Whitney Houston, Jordin Sparks Sparkle On 'Celebrate' Duet

A day after Sparks performs moving Billboard Awards tribute to the late icon, their duet from 'Sparkle' film debuts.

Whitney Houston sparkles on her last-ever recording, the feel-good "Sparkle" soundtrack number "Celebrate."

Recorded with co-star Jordin Sparks and produced by R. Kelly, the song serves as the lead single for the late Houston's last-ever film.

The track pays homage to Motown thanks to Kelly's uplifting production, which focuses more on Houston and Sparks' vocals and harmonies than on any studio magic. The instrumentation, including a vintage-sounding bass, highlights the lyrics, where Houston and Sparks sing, "It's time to celebrate/ Come on and celebrate/ I want to celebrate/ I celebrate you, I celebrate me."

On the song, Houston sings in the deeper register she had been using in the last few years, but it works well alongside Sparks' lighter tone. As the track fades out and Houston sings about celebrating life, Sparks is heard saying, "We love you, Whitney."

"Celebrate" premiered on Ryan Seacrest's website on Monday (May 21), a day after Sparks appeared at the Billboard Music Awards to pay tribute to her co-star by performing Houston's legendary "Bodyguard" single "I Will Always Love You."

"I put myself completely, 100 percent onstage every time I perform," Sparks told MTV News of giving "everything" for her Houston tribute. "It's just very special. I feel very honored to be able to honor Whitney in this way and to sing one of her songs. I've actually never performed this song before ever. It's one of the songs I've always been like, 'Leave that alone,' so it's nerve-racking for me," she admitted.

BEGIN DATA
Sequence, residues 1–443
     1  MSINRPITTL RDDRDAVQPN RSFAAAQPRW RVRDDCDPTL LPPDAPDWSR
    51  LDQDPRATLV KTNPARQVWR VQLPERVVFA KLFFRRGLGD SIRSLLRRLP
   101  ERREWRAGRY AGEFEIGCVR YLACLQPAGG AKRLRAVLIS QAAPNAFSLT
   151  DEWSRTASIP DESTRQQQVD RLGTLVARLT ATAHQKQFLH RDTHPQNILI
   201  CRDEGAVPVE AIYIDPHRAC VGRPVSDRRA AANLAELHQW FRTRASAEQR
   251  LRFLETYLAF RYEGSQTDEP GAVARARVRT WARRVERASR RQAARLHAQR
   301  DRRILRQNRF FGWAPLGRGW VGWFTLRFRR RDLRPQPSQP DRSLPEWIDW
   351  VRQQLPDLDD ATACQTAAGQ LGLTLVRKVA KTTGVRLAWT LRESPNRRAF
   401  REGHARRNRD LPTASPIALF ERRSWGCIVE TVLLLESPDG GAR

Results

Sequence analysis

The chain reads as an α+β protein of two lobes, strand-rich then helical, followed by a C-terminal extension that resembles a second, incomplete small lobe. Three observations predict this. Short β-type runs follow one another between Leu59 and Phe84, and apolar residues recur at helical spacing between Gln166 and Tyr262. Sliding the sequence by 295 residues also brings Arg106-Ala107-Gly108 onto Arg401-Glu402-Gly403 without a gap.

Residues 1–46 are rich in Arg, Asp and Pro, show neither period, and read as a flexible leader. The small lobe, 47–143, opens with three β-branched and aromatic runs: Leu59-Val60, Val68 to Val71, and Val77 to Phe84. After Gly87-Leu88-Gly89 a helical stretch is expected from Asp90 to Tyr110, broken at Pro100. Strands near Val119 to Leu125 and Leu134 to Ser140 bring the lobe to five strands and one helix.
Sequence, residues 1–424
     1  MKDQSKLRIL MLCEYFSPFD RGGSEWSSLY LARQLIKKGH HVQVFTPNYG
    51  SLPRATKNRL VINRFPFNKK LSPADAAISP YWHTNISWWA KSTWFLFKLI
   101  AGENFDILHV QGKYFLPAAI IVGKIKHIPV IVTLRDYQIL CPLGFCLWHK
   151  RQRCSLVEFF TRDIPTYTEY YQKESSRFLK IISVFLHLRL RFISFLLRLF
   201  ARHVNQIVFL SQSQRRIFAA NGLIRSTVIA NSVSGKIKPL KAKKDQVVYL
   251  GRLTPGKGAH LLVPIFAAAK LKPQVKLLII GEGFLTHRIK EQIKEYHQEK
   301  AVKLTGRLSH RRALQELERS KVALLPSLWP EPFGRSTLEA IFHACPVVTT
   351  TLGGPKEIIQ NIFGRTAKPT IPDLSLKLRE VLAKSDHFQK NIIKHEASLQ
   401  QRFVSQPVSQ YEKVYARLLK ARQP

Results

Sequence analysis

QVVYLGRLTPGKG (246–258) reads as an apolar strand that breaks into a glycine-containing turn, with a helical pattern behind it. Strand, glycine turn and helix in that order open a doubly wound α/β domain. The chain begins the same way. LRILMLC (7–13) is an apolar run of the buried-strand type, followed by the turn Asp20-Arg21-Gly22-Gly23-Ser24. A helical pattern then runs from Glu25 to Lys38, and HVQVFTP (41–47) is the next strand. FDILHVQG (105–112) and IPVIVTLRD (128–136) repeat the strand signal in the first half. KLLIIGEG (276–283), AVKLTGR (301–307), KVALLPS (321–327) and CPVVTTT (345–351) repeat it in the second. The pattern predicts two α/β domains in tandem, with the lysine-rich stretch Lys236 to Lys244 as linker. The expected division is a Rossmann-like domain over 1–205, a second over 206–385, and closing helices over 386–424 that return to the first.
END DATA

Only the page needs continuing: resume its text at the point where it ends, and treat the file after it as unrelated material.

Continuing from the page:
"Sparkle" is set to open on August 17. A remake of the 1976 Irene Cara film, it follows three talented young Harlem sisters whose musical aspirations are affected when one begins to struggle with drug addiction. The 2012 version features "American Idol" alum Sparks as the titular character and Houston, who also served as executive producer, as her mother, Emma. It's the last movie the singer filmed before she died in February, the same night she was slated to make an appearance at mentor Clive Davis' Grammy fete.